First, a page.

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Our British Values

Our British Values

As seen on a previous page the school has seven fundamental values that underpin all our work. However in addition, from November 2014 the Government asked that all schools promote what it considered British values. Below is our interpretation of that guidance and how they are lived out at Farnsfield St Michael’s.



What are the British Values?

  • democracy
  • the rule of law
  • individual liberty
  • mutual respect
  • tolerance of those of different faiths and beliefs



Britain is a democracy – this means that the people in Britain vote for the people who make the laws and decide how the country is run. If we didn’t have a democracy, just one person might be able to make all the laws and that would not be fair.


The rule of the law

In Britain, we have a police force who make sure people do not do the wrong thing and break the law – this means that we are safe.


Individual Liberty

In Britain, as long as we do not break the law, we can live as we choose to and have our own opinions about things.


Mutual Respect

We might not always agree with other people, but we try to show respect for their thoughts and feelings.


We can give respect to others and we can expect other people to show us respect.


Tolerance of those of different faiths and beliefs

In Britain, we accept that other people might have different beliefs than ours and they may believe in different religions.



British Values at St Michael’s


Farnsfield St Michael’s Primary School is committed to serving its community and surrounding areas. We recognise the multi- cultural, multi-faith nature of the United Kingdom and understand the crucial role our school plays in promoting these values. This statement outlines the key British Values we actively and regularly promote within the Curriculum and extra-curricular activities.


British Value

What we do




Children have many opportunities for their voices to be heard. We have a School Council which meets regularly to discuss issues raised in class council meetings. The council has access to the school budget and is able to genuinely effect change within the school.


We also have elections for House Captains and the Funky Fundraisers, who develop ideas from class discussions about raising money for a range of charities and causes.


the rule of law

The importance of Laws, whether they be those that govern the class, the school, or the country, are consistently reinforced throughout regular school days, as well as when dealing with behaviour and through school assemblies. Pupils are taught the value and reasons behind laws, that they govern and protect us, the responsibilities that this involves and the consequences when laws are broken.


individual liberty


Within school, pupils are actively encouraged to make choices, knowing that they are in a safe and supportive environment. As a school we educate and provide boundaries for young pupils to make choices safely, through provision of a safe environment and empowering education. 


Pupils are encouraged to know, understand and exercise their rights and personal freedoms and advised how to exercise these safely, for example through our E-Safety and Anti-Bullying work.


Whether it be through choice of learning challenge, of how they record, of participation in our numerous extra-curricular clubs and opportunities, pupils are given the freedom to make choices.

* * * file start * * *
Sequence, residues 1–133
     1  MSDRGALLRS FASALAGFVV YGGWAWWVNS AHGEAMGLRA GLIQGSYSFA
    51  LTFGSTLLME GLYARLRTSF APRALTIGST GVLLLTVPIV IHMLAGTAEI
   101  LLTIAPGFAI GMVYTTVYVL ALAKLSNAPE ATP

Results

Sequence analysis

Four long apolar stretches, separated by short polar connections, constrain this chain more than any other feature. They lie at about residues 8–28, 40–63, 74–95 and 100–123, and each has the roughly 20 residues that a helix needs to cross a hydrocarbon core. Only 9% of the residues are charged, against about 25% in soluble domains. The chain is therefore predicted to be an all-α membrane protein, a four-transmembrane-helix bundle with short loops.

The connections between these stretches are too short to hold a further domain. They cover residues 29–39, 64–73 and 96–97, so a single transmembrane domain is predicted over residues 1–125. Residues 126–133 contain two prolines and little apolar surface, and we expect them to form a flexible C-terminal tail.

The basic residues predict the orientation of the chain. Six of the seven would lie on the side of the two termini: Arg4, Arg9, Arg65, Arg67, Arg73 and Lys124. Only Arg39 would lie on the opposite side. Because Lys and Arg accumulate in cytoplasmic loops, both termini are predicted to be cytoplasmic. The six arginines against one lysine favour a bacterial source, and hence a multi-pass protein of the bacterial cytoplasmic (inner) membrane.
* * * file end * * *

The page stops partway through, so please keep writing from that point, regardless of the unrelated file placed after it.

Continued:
mutual respect


Children learn that their behaviours have an effect on their own rights and those of others. All members of the school community treat each other with respect.


tolerance of those of different faiths and beliefs


St Michael’s is situated in an area which is not greatly culturally diverse, therefore we place a great emphasis on promoting diversity with the children. Our RE teaching reinforce this. Members of different faiths or religions are encouraged to share their knowledge to enhance learning within classes and the school. Children visit places of worship that are important to different faiths.





Democracy in School


School Council Elections


Each class in school, except Foundation, elects a School Council Representative each year.


Each child who would would like to run in the class' election has to give a short speech explaining why the class should vote for them.


After all the candidates have spoken, the class votes and the child with the most votes wins.



House Captains for 2017-2018


As a school, we elected eight House Captains (two for each house).

  • Willow: Callum and Martha
  • Oak: Joe and Evie
  • Sycamore: Megan and Ruby
  • Horse Chestnut: Iona and Emilie


All the candidates had to say a short speech about why they wanted to be House Captain. Once they had finished, the Year Sixes (who applied) went outside to let the pupils decide who they wanted to represent their house group.


They did a majority vote led by their house teachers. Everyone had one vote.


The job of a House Captain is to first of all support and look after the younger children of their house. Another thing House Captains have to take part in is the annual sport day. They help organise it and collect the children ready for their races. Finally, being a House Captain is an opportunity for our Year Sixes to open up and try something new; test their leadership skills and have some fun.


Written by our elected House Captains.



House Rules


In our Houses, we meet in January and learnt about the Rule of Law. Each House created a set of rules they will follow in their House Meetings and our House Captains created a poster to show these rules.